"I was born March 17, 1962 in a small village. When I was 12, I began to work in wood. I only made it through third grade of primary school. I didn't finish school because my parents needed...
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"I was born March 17, 1962 in a small village. When I was 12, I began to work in wood. I only made it through third grade of primary school. I didn't finish school because my parents needed help with their work. My father worked at sawing lumber and I helped him. In those days, we didn't have any power tools and everything was done by hand.
"For about ten years, I worked with my father sawing wood. We did this until there were no more trees around our village. When the trees were gone, we didn't have work anymore as there was no more lumber to cut.
"So I started looking for something to do and I bought some wood out of curiosity. I made a violin with it. I began crafting violins and sold them for the next five years, but I also enjoyed playing them.
"In 1990, I got married. Soon afterward, I began a three year course on organic farming and sustainable development that was taught in my village.
"With the course organizers, our Rabbit project was born. The name comes from a children's story where, thanks to reforestation, rabbits and other animals of the forest had a place to call home. Also, in the Maya world, the rabbit is the nahual
of abundance and prosperity.
"The idea of this project was to reforest the village and in this way, be able to give jobs to the people. Because we had cut down all the trees and hadn't planted more, and we didn't wait for new trees to grow. The project's objectives were to protect the environment and produce wood in a sustainable manner.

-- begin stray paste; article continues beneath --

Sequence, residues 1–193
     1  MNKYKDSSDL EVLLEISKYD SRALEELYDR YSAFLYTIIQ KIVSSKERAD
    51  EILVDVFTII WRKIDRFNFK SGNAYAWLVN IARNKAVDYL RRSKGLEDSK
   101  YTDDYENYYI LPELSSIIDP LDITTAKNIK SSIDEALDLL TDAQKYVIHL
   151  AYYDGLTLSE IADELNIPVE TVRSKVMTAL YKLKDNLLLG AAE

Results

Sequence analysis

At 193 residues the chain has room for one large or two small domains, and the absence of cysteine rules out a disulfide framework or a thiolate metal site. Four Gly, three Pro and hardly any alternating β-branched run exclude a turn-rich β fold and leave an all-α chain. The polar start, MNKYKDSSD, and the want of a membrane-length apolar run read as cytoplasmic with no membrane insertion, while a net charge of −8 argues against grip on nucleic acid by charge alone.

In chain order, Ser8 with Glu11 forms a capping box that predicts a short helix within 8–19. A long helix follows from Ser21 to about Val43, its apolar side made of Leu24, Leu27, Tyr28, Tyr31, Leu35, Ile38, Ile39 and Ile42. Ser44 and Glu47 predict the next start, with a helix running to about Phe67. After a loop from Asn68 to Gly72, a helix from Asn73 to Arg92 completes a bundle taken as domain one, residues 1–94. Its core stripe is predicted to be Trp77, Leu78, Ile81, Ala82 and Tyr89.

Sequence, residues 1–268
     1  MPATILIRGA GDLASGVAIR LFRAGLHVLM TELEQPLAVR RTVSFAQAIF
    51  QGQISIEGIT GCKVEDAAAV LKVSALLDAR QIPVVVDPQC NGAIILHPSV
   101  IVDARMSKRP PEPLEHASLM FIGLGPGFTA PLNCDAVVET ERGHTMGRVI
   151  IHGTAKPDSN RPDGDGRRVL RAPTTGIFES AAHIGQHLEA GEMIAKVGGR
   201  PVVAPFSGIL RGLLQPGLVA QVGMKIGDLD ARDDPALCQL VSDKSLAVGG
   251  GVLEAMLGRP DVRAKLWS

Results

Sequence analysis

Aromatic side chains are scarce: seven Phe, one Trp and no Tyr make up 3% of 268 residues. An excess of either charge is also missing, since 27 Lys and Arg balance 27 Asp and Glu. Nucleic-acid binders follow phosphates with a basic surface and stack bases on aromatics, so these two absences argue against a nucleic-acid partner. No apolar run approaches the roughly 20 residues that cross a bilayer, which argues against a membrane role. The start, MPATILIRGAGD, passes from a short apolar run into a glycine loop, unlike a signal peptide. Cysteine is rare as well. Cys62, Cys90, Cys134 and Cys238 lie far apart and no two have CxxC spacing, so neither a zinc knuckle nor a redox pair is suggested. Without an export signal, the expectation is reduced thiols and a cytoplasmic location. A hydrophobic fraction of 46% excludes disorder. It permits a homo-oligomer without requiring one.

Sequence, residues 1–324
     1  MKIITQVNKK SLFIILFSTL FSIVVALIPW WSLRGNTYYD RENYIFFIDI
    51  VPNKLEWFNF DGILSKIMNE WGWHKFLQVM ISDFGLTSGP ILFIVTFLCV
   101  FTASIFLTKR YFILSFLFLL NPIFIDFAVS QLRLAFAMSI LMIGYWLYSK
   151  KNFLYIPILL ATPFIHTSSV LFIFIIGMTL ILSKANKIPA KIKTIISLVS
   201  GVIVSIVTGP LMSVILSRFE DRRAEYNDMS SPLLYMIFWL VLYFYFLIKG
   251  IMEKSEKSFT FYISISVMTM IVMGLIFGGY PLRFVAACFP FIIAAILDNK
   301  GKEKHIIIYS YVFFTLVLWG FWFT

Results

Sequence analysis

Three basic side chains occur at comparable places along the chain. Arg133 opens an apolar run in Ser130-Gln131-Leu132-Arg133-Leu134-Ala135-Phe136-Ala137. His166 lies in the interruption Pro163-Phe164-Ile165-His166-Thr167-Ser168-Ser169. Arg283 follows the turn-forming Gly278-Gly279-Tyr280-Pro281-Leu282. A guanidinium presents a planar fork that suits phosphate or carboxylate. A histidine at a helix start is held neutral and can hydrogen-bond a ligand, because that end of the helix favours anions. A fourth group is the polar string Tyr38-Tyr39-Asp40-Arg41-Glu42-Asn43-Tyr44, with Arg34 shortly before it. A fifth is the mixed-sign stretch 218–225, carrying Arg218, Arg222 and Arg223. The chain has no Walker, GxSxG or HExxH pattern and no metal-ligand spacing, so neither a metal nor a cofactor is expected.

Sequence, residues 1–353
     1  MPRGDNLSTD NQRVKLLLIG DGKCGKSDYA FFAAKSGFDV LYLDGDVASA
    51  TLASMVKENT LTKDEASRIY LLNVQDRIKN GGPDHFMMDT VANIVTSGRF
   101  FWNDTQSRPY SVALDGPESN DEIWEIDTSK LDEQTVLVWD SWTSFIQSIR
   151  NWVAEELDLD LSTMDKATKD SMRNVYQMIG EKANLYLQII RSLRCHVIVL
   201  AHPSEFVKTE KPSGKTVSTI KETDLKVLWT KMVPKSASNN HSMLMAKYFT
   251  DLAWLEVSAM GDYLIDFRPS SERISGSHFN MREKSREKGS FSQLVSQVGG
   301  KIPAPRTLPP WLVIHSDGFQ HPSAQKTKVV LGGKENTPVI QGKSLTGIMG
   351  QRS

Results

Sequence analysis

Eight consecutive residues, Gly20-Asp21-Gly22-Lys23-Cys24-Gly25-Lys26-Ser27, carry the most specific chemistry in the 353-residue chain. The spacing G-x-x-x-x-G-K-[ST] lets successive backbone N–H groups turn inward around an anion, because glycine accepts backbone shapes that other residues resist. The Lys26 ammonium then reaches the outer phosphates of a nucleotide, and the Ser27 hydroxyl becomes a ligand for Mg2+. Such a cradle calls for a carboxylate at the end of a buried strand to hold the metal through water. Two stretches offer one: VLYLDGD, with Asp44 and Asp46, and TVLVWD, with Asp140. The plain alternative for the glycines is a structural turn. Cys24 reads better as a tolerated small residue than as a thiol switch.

"Then we got the idea to look for a commercial outlet for the lumber scraps and we began to use the smaller branches and trunks to create works of art, candleholders and trays to be able to use the whole tree. There used to be a lot of waste because we only used the main trunk, so this is a different way to take advantage of the wood.
"We sent all the samples we made during the course to the capital to sell. That helped a lot because we began to sell our designs and were able to earn enough to continue supporting our families.
"In 2002, this forest project won an award from the World Bank and the Soros Foundation of Guatemala. We used the money to set up a carpenter shop with power tools, since we got electricity in our village in 2001.
"With the award money, we also extended the reforestation to two more communities and a forest consultant was hired.
"We formed an association of ten producers from the community in 1994. Today there are 273 producers from 12 communities in the region. I'm the president and I spend most of my time designing new products so the association members will have new items and we can sell more.
"I really enjoy designing new items with wood. We are fortunate that a university sometimes sends designers to work with us and I watch how they create a new design. I like this a lot and have learned to create different pieces over time. I've also learned new techniques from them. And I also get ideas from the Internet, then modify them because I don't like to copy.
"Many people, including a Dutch NGO, the embassy of Norway, the Guatemala Association of Exporters and the National Forest Institute have believed in our project. So we continue to grow, and now we also have a textile project for 225 women – they are the feminine side of the association!"